Analysts divided on prospects for Microsoft CRM push

MyCustomer.com
Share this content

A week after Microsoft showed its CRM hand, analysts are divided in their assessment of how successful the company will be in its ambitions to enter the enterprise applications market.

“The move is Microsoft’s latest aim at the Business Application market,” according to analysts at AMR Research. “Eventually, the company will dominate this market, but it will take time… For now, the product has limited functionality; it does little more than contact management in sales and case management with a knowledge base in service.

It also points out that the time scales Microsoft has announced to deliver the software do not favour success in Europe. The scheduled North American release in the fourth quarter of this year will still precede the releases of an international English version in the first quarter of next year and other European language versions in the second, well over a year away.

AMR does praise the idea that Microsoft has cited application usability as a key objective and predicts that the software will turn out as ergonomic an interface as any of its new competition.

But it concludes: “While Microsoft's news has certainly shaken the market, European decision-making should not be affected in the short- or even mid-term. If you are a large enterprise or a large front office in a mid-market company and have a serious CRM requirement, even an imminent Microsoft release would have no effect. If you are a smaller organisation with a pressing requirement, then unlike American companies that can take advantage of earlier release dates, you are unlikely to be able to wait until next year and should press ahead regardless of Microsoft.”

On the other hand, Gartner Group is more positive in its assessment. Its analysts argue: “Microsoft’s entrance into CRM software will benefit small businesses (up to 100 users, primarily synchronising desktop data over high-speed lines) since most are Microsoft-centric shops that put a premium on reliability and stability in their technology choices.”

But it warns that Microsoft will face a challenge with small and medium enterprises that need more than basic capabilities and with enterprises that have integration needs outside of the Microsoft environment. It predicts that as Microsoft gains comfort with the effort involved in selling customisable applications around 2004, it will make at least one aggressive acquisition to serve the midsize enterprise market.

Gartner concludes: “For small businesses that have at least basic IT expertise in-house, Microsoft CRM will offer technology that enables simple sales and basic customer service activities. SMEs with less than 100 employees should consider other products until 2003 in North America and in the first quarter of 2004 in the rest of the world. “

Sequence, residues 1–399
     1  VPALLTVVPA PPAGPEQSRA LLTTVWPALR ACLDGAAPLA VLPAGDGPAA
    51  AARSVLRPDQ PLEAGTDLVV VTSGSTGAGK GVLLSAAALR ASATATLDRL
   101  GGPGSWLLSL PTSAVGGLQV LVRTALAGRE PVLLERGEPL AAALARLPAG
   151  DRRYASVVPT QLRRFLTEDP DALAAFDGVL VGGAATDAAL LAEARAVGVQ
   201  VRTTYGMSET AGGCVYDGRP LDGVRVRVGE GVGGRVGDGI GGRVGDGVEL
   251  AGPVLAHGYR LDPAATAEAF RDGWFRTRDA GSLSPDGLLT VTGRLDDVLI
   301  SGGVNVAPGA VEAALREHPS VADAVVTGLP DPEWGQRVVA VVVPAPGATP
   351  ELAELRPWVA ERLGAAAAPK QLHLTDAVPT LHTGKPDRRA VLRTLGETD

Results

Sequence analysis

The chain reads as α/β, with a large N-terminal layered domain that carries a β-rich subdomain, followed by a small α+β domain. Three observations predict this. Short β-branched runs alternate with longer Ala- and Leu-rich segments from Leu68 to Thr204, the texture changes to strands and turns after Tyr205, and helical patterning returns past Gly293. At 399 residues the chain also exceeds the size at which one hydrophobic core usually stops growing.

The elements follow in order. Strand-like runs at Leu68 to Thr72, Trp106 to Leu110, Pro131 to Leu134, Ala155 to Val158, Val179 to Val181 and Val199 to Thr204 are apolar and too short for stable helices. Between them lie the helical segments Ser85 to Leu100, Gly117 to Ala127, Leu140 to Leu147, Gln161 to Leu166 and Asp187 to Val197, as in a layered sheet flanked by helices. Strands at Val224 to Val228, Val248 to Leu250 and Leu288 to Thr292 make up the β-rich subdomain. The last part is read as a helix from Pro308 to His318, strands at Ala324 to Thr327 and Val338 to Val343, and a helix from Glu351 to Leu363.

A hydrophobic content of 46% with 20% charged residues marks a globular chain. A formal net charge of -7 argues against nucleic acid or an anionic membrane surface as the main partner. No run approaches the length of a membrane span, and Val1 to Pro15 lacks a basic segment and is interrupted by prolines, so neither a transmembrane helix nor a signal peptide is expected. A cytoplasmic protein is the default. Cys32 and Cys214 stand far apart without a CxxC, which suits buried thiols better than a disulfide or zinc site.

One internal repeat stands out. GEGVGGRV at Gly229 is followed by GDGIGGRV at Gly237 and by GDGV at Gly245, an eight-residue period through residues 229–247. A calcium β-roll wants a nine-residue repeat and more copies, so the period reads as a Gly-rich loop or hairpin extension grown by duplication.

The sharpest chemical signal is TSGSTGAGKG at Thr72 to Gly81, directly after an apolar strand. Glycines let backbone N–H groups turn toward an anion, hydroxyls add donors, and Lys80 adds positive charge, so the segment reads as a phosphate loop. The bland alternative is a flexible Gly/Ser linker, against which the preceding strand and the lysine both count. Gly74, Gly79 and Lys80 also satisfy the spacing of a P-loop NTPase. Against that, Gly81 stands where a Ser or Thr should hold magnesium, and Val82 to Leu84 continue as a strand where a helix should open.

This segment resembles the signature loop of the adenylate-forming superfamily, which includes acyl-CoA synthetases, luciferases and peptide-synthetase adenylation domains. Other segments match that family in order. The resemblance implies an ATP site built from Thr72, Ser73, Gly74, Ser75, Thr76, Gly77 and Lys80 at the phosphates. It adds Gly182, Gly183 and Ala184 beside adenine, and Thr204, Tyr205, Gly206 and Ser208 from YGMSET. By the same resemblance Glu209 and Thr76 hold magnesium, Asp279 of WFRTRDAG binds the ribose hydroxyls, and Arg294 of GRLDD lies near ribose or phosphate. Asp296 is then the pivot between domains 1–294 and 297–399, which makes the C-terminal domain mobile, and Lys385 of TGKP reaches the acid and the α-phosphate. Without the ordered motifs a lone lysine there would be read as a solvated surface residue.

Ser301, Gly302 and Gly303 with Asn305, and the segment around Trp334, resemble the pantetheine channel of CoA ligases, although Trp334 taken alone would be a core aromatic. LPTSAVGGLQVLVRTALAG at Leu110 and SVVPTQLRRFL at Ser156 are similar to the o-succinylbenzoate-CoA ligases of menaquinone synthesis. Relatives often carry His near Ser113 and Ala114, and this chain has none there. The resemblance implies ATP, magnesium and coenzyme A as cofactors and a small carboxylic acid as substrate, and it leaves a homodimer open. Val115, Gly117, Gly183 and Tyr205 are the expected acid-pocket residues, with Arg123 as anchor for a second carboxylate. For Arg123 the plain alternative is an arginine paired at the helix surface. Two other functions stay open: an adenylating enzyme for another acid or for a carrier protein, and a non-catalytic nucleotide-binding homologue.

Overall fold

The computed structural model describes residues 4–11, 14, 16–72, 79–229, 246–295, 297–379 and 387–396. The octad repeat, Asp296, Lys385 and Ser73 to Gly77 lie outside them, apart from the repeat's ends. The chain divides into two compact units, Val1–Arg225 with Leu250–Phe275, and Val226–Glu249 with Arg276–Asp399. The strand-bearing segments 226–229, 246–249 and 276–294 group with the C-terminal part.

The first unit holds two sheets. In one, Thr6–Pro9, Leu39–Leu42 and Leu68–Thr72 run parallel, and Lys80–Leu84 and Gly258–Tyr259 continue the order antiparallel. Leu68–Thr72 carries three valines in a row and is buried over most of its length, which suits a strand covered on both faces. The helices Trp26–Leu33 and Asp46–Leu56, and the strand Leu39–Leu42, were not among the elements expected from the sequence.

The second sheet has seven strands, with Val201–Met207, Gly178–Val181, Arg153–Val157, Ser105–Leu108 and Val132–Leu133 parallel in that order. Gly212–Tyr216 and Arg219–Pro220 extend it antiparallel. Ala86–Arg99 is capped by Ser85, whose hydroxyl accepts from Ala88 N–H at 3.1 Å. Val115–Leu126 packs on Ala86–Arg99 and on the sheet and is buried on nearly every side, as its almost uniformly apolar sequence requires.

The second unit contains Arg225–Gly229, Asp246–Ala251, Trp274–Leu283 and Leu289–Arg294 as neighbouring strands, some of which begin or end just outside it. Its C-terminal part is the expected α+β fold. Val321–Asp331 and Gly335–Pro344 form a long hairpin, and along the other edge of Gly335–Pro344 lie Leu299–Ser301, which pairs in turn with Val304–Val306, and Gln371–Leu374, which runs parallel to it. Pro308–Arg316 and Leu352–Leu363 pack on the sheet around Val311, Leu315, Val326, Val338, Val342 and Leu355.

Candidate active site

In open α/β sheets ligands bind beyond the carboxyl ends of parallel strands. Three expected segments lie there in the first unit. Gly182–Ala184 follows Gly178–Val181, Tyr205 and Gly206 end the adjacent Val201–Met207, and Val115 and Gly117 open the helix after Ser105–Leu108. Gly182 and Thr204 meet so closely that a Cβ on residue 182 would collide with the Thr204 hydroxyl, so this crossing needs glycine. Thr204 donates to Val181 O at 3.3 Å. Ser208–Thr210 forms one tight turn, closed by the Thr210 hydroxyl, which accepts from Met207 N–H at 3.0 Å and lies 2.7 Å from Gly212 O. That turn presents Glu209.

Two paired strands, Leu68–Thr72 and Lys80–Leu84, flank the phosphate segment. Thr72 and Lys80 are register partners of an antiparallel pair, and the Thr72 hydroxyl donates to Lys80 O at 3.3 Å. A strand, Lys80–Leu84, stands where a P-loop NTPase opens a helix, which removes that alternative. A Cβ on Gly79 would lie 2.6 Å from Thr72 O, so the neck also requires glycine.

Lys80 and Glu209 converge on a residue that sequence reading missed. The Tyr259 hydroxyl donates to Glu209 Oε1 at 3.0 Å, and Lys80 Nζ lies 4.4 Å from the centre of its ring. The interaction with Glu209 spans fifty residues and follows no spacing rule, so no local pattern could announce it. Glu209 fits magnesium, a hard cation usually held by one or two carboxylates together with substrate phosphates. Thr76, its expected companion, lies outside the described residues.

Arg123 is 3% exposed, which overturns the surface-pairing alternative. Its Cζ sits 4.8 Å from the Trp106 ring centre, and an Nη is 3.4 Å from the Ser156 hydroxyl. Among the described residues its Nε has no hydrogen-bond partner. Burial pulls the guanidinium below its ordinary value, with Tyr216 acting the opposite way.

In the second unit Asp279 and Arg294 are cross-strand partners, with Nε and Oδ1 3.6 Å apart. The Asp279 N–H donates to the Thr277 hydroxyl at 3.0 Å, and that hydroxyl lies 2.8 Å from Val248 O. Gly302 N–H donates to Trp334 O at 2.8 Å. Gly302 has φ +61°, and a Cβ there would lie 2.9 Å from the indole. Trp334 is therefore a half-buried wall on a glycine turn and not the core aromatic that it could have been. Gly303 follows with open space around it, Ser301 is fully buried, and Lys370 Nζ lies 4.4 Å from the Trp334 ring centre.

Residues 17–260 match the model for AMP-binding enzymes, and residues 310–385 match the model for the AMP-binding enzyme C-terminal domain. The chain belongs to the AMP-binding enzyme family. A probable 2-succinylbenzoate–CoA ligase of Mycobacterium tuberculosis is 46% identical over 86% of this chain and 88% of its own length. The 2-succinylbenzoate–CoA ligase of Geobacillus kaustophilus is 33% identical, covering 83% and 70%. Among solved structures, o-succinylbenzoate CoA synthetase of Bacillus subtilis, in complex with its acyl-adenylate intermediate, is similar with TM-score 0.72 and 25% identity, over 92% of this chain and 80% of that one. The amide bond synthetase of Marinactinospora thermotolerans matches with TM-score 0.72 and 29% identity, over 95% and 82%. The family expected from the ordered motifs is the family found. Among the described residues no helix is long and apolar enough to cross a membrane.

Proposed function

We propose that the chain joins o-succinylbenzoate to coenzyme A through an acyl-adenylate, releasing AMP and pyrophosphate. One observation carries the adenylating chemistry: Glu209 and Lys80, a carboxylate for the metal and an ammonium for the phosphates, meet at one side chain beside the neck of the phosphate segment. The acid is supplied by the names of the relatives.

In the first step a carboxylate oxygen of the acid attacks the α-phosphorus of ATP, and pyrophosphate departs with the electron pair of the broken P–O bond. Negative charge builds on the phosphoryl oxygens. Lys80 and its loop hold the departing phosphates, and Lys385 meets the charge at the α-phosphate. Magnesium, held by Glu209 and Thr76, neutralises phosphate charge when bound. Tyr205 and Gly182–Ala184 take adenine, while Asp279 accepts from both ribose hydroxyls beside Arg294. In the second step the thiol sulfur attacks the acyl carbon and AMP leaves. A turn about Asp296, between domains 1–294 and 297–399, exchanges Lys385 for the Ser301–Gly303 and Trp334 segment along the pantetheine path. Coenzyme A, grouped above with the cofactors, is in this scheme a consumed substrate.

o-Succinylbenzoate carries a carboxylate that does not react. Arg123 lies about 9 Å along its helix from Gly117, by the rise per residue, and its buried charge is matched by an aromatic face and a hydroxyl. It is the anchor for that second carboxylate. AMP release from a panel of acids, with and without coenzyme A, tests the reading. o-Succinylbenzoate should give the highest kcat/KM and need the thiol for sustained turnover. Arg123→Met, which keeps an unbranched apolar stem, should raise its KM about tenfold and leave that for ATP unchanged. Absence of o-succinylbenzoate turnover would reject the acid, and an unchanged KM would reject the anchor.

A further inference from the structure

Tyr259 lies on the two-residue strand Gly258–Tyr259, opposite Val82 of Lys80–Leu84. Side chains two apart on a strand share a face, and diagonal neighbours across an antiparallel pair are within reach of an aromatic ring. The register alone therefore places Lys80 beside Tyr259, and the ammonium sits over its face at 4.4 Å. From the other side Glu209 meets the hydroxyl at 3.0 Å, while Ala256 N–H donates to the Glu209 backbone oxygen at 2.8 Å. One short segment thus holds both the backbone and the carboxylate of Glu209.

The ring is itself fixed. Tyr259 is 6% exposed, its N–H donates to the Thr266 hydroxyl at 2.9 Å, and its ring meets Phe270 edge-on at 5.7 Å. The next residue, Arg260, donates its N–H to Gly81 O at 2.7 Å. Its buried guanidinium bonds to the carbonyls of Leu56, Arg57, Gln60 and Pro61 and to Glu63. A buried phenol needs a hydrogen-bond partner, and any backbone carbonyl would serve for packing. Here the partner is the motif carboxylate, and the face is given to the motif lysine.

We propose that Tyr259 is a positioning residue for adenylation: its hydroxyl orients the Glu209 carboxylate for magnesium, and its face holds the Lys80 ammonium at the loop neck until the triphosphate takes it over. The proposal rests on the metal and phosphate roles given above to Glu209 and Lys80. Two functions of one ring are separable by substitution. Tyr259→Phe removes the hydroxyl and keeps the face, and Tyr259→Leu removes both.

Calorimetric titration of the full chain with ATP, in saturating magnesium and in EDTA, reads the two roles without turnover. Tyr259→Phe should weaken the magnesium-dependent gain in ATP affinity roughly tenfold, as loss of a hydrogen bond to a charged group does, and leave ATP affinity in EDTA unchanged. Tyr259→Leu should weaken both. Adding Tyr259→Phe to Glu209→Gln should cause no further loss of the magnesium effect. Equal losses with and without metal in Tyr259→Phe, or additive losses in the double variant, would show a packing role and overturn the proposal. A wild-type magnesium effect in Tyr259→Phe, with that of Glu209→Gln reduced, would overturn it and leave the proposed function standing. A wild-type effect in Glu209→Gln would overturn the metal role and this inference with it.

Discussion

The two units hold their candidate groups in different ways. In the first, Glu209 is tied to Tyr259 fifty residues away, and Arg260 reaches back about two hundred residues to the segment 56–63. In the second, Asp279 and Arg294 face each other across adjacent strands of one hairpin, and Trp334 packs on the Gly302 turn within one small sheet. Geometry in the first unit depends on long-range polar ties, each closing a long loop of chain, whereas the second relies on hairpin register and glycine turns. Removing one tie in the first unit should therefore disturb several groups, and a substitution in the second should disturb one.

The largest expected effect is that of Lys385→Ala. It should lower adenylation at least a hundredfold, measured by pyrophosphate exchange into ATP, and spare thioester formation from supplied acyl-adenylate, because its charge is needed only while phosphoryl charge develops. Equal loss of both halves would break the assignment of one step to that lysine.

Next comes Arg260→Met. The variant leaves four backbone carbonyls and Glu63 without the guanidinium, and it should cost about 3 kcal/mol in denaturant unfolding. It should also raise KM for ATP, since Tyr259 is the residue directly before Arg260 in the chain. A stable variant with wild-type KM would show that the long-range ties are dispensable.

Replies

Please login or register to join the discussion.

avatar
By admin
14th Mar 2002 07:13

It would appear that Microsoft can't do anything without it being accused of being monopolistic.

Let's focus on the product folks. At the moment the product is simplistic. But this could change in future releases.

Thanks (0)
avatar
By admin
11th Mar 2002 14:46

The CRM market place is too full of 'out of the box' technical solutions as it is. Anyone who can prove how they can tackle the 80% problem of CRM which is People and Process has got a huge market place.. I have been to so many conferences recently where they say its not about technology then proceed to talk of nothing else.

The vast majority of CRM projects fail because they're technology solutions hunting for a business problem. As one of my colleagues often says ''I can give you the most fantastically engineered golf club and golf ball ever, but you still would not become Tiger Woods overnight.'' Microsofts entrance into this crowdy and oft miss guided market place is irrelevant to everyone except those who want to sell golf clubs and golf balls[***] that claim to be something that makes all the practice, commtiment and talent (people, culture and processes) go away.

Thanks (0)
avatar
07th Mar 2002 12:09

This whole move is going to significantly reduce choice for the consumer.

We are living in 'Bills-World'as it is but this feels intolerable. Or maybe not because lets face Microsoft never acts in a monopolistic or anti-competitive way does it?

Thanks (0)
avatar
By admin
14th Mar 2002 07:13

It would appear that Microsoft can't do anything without it being accused of being monopolistic.

Let's focus on the product folks. At the moment the product is simplistic. But this could change in future releases.

Thanks (0)
avatar
07th Mar 2002 12:09

This whole move is going to significantly reduce choice for the consumer.

We are living in 'Bills-World'as it is but this feels intolerable. Or maybe not because lets face Microsoft never acts in a monopolistic or anti-competitive way does it?

Thanks (0)
avatar
By admin
11th Mar 2002 14:46

The CRM market place is too full of 'out of the box' technical solutions as it is. Anyone who can prove how they can tackle the 80% problem of CRM which is People and Process has got a huge market place.. I have been to so many conferences recently where they say its not about technology then proceed to talk of nothing else.

The vast majority of CRM projects fail because they're technology solutions hunting for a business problem. As one of my colleagues often says ''I can give you the most fantastically engineered golf club and golf ball ever, but you still would not become Tiger Woods overnight.'' Microsofts entrance into this crowdy and oft miss guided market place is irrelevant to everyone except those who want to sell golf clubs and golf balls[***] that claim to be something that makes all the practice, commtiment and talent (people, culture and processes) go away.

Thanks (0)